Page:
The Chronicler developed a theological vision for the returned exiles and their descendants. He thus called his audience to remember the faithfulness and might of their God from Adam to the Golden Age of Israel under David and Solomon, faithfulness that was displayed by the grandeur of the temple. But inevitably the Chronicler had to take up the matter of Israel’s demise. He did this by focusing on the southern kingdom of Judah and mentioning the north only as necessary. Since Judah had been more faithful to the covenant, outlasting Israel in the land by roughly 150 years, the Chronicler gave his attention to the house of David.
The author of 1 Kings gave little attention to the reign of Rehoboam (1 Kgs 12:1-24; 14:21-31). But the Chronicler recorded additional information—scenes that would call his readers to faithfulness even though they, like those under the leadership of Rehoboam, felt disadvantaged. In 2 Chronicles 10, the author described Rehoboam’s rejection of the elders’ advice for how he should reign as king. When Jeroboam heard Rehoboam’s response, he and many others headed north. Rehoboam reigned only over those Israelites yet living in Judah. But God’s sovereignty and Rehoboam’s early irresponsibility were not at odds. Because of Solomon’s unfaithfulness, the Lord had promised his servant, Jeroboam, ten tribes of Israel, with the injunction, “After that, if you obey all I command you, walk in My ways, and do what is right in My sight in order to keep My statutes and My commandments as My servant David did, I will be with you. I will build you a lasting dynasty just as I built for David, and I will give you Israel” (1 Kgs 11:38).
Yet, Jeroboam rejected the word of the Lord. Jeroboam set a pattern of idolatry and syncretism, which would eventually lead to the exile. In this way, Rehoboam was part of the sub-plot of the divided kingdom and, on the whole, more faithful than Jeroboam. When Rehoboam submitted to the word of the Lord, the Lord blessed him and the nation (2 Chronicles 11-12). After Rehoboam was rejected by the people, he faithfully responded to the word of the Lord through Shemaiah, “You are not to march up and fight against your brothers. Each of you must return home, for this incident has come from Me” (2 Chron 11:4). The Chronicler recorded that Rehoboam fortified the cities of Judah and made cultic activity a priority—allowing the Levites of Israel to return to Judah and serve in the temple (2 Chron 11:17). Here again is the emphasis of the Chronicler: even for those with a troubled past, devotion to temple practices pleases God. Even after Rehoboam’s season of unfaithfulness, and subsequent subjection to Shishak, Rehoboam was devoted to the temple, making bronze shields to replace those which had been plundered (2 Chron 12:10-12)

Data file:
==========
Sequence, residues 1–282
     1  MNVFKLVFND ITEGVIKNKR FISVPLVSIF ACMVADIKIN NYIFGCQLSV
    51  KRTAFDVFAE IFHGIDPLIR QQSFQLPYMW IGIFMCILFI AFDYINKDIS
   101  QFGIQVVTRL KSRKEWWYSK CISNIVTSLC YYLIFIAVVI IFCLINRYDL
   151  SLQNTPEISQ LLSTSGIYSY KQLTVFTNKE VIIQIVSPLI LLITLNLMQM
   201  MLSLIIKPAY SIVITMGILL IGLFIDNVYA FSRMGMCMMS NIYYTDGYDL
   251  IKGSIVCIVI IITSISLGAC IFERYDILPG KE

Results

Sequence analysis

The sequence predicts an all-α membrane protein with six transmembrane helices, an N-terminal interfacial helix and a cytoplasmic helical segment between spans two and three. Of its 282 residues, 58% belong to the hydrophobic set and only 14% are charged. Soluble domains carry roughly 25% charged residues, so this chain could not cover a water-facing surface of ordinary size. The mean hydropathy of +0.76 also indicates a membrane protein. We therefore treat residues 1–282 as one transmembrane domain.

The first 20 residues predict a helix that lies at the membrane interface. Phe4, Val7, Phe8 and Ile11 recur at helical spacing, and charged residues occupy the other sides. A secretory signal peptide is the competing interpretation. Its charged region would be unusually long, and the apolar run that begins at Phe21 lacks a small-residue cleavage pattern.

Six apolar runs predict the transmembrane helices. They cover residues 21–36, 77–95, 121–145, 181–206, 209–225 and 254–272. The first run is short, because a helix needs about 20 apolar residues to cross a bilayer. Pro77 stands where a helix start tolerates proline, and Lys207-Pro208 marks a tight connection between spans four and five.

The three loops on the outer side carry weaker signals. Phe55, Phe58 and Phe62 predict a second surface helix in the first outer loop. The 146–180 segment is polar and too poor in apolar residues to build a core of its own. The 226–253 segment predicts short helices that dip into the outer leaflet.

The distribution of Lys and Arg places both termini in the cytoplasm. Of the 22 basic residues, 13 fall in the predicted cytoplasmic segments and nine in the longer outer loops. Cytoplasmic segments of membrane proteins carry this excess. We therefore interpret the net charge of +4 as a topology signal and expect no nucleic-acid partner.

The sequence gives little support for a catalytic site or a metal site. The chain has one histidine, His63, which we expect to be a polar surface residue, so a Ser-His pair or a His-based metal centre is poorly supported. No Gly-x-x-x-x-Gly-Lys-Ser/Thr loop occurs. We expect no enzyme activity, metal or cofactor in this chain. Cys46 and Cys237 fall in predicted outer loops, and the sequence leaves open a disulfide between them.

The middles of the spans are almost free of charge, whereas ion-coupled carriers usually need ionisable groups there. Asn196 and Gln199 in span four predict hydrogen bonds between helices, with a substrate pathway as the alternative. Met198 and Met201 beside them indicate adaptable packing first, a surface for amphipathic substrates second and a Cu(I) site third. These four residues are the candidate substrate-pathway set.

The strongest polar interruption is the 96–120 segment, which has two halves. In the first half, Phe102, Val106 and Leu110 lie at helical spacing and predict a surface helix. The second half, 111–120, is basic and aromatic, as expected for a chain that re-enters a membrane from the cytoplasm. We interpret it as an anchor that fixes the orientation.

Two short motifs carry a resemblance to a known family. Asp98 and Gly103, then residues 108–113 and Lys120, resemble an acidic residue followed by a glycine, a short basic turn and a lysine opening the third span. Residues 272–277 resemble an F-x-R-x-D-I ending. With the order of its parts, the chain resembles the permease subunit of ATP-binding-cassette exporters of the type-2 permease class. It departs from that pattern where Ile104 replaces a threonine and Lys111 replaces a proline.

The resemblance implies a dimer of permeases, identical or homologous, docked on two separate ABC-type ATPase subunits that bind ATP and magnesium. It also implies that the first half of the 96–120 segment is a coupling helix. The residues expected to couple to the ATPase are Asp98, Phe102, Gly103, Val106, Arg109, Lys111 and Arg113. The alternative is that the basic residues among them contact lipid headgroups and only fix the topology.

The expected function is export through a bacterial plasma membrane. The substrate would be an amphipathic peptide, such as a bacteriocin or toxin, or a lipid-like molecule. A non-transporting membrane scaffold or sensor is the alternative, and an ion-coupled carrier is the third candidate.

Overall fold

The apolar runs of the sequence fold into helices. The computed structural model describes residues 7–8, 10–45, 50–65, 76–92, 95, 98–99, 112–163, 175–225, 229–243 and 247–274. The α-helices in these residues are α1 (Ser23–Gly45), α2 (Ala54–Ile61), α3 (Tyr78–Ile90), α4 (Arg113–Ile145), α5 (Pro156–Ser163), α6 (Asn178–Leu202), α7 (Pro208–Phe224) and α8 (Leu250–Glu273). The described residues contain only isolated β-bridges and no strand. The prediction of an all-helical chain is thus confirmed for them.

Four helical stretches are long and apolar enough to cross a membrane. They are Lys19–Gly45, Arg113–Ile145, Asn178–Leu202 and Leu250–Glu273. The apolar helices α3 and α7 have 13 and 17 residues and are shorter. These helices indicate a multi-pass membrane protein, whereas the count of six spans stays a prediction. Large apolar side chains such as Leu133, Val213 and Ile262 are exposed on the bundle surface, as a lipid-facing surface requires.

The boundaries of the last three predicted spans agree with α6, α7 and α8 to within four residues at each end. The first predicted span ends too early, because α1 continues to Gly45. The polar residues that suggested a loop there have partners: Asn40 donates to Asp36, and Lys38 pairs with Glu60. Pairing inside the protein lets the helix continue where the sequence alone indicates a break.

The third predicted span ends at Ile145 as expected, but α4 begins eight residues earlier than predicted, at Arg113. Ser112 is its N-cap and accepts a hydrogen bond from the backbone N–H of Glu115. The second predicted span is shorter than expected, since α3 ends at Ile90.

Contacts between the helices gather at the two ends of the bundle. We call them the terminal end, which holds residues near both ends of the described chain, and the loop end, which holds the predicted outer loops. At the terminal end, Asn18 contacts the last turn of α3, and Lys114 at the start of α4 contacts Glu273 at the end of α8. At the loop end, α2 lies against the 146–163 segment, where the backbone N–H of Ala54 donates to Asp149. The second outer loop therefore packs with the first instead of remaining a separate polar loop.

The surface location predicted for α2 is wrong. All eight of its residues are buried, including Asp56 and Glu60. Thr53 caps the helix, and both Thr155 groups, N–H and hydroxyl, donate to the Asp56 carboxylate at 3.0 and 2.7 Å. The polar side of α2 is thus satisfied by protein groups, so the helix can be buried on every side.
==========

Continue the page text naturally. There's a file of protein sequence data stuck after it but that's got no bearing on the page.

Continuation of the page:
In 2 Chronicles 13, the author called his readers’ attention to the temple even when he was explaining the reign of Rehoboam’s son, Abijah. Abijah confronted Jeroboam for making a mockery of Israel’s cult. Jeroboam had enticed the people to worship golden calves, and—after driving out the Levites—allowed the priesthood to be purchased (2 Chron 13:8-9). Israel’s worship was no different than the pagan nations around them, but in Judah things were different. When King Abijah was ready to attack the north, he declared, “Look, God and His priests are with us at our head. The trumpets are ready to sound the charge against you. Israelites do not fight against the LORD God of your ancestors, for you will not succeed” (2 Chron 13:10, 12).
While the Chronicler gave Rehoboam a more favorable evaluation than he received from the author of 1 Kings, Rehoboam’s reign was far from fulfilling God’s desires of covenant faithfulness. Rehoboam carried the family line of David, but the Lord’s promise to David— “When your time comes to be with your fathers, I will raise up after you your descendant, who is one of your own sons, and I will establish his kingdom. He will build a house for My name, and I will establish his throne forever” (1 Chron 17:11-12; 2 Chron 7:18)—would have to wait for another. Scripture’s storyline traces to Jesus God’s promise of one sitting on David’s throne. Matthew wrote, “Solomon fathered Rehoboam, Rehoboam fathered Abijah…and Jacob fathered Joseph the husband of Mary, who gave birth to Jesus who is called the Messiah” (Matt 1:7, 16).